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Queens Chronicle

Weiner addresses the fiscal crisis

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Posted: Thursday, May 30, 2013 10:30 am

Though anything can happen, it’s almost certain that the biggest crisis the next mayor will face will be fiscal. And it must be addressed head on.

All the city’s unions are working without contracts, a disaster in waiting Mayor Bloomberg is leaving for his successor to handle. The costs of healthcare for city employees and retirees, which almost none of them pay a dime into, continues to grow. Taxpayers’ contributions to the retirees’ pensions are skyrocketing.

According to a recent study by the Citizens Budget Commission, pensions, retirement benefits and other costs the city is committed to paying will total $17.8 billion — nearly a quarter of the city’s budget — just two years from now. That’s twice as much as in 2005.

While we appreciate the vital services city employees provide, the situation is unsustainable. This is the reason that even as budgets keep going up, you hear about nothing but budget cuts. Pensions, the fastest rising expense, cost city taxpayers $3.2 billion in 2005 but will cost them $8.2 billion in 2015, according to the CBC.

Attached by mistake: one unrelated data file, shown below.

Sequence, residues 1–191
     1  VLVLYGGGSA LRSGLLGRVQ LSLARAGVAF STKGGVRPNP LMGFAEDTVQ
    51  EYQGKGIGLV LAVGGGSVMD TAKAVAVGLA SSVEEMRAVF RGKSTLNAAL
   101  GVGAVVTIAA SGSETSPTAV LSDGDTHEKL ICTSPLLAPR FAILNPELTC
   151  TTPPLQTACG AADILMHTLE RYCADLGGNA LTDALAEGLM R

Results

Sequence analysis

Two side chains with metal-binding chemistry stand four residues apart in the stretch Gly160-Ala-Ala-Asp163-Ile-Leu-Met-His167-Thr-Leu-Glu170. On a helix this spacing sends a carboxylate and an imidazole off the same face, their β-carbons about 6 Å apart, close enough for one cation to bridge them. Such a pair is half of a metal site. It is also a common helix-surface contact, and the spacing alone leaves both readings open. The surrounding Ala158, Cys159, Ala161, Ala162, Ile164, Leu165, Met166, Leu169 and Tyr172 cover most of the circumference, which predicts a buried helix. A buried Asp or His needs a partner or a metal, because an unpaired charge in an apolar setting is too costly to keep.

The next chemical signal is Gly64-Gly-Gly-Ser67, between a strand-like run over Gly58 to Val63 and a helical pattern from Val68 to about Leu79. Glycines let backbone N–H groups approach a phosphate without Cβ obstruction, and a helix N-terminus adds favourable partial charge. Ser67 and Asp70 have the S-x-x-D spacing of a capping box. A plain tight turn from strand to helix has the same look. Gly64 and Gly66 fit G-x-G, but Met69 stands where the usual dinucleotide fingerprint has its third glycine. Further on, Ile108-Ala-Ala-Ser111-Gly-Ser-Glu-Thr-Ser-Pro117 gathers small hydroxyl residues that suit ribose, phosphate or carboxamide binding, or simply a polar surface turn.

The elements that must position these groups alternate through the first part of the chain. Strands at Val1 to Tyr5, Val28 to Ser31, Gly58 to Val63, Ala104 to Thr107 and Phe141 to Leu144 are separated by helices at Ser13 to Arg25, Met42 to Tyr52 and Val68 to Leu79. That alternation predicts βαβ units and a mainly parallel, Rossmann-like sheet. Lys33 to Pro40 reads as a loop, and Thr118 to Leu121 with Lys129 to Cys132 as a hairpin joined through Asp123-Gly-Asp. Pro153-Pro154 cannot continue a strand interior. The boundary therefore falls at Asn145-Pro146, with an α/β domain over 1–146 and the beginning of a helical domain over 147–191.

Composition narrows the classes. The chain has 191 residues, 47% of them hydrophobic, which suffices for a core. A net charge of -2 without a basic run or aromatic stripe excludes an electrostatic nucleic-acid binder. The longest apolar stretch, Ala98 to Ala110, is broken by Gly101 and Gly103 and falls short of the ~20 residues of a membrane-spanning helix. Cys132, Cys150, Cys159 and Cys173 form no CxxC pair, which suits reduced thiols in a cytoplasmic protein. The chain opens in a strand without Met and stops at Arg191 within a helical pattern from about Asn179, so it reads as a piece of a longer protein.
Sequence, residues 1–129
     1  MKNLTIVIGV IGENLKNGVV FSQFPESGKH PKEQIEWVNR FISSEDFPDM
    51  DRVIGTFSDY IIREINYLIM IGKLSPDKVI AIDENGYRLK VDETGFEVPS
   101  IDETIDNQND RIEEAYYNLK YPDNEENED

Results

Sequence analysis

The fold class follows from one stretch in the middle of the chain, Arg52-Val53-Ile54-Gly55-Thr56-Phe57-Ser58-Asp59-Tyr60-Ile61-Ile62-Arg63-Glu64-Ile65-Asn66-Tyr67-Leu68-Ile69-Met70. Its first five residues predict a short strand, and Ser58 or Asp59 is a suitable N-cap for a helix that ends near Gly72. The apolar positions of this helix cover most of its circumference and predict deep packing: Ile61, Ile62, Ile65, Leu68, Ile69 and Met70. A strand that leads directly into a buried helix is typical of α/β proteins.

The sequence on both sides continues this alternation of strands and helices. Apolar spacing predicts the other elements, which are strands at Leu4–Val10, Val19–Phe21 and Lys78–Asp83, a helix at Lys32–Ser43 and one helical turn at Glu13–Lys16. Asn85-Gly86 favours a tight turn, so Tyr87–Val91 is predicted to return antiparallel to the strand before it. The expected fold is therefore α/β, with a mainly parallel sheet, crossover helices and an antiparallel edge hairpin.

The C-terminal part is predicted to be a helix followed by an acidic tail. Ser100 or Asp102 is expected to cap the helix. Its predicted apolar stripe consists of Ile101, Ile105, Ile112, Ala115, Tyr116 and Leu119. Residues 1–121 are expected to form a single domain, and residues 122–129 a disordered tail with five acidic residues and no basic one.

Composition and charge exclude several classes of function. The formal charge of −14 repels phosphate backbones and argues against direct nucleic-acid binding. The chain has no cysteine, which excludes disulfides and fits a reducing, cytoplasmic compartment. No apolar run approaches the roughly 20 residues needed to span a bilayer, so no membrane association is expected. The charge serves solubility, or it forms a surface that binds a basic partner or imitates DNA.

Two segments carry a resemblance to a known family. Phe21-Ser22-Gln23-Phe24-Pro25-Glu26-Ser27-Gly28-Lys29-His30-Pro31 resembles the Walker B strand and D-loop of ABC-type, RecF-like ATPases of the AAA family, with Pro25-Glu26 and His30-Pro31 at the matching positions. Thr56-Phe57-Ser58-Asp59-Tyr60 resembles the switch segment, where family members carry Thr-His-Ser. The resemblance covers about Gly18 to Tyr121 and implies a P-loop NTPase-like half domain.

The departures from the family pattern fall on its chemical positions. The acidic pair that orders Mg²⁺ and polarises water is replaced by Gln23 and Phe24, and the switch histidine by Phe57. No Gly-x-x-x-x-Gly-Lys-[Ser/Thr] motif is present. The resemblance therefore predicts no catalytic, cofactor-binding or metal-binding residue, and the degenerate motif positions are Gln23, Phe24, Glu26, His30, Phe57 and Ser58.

Reining in these costs, so the city doesn’t go bankrupt as some municipalities across the country should be the No. 1 issue in the mayoral race, but it’s not. That’s probably because most of the major candidates on the Democratic side are angling for endorsements from the very unions sure to oppose any cutbacks in their benefits.

All except one: late entrant Anthony Weiner.

This is not an endorsement by any means, but we have to hand it to Weiner for being the only major Democratic candidate who is offering anything concrete on tackling these costs, anything more than vague promises to “put everything on the table” when it comes to negotiating new contracts.

Weiner has said in writing that it’s time to revisit guaranteed pensions for teachers (42 percent of the city workforce, according to the Manhattan Institute) and told this newspaper that it’s time city employees started paying into their healthcare. He’s right on both counts.

The ex-congressman, forced from office two years ago over lewd behavior and public dishonesty, can afford to make these proposals in a sense, because he’s not seeking union endorsements he’ll never get, and he’s not fundraising, since he’s got a leftover campaign chest of more than $4 million.

We wish the other candidates would tackle these issues. Whether they do or not, the next mayor will be forced to.

Welcome to the discussion.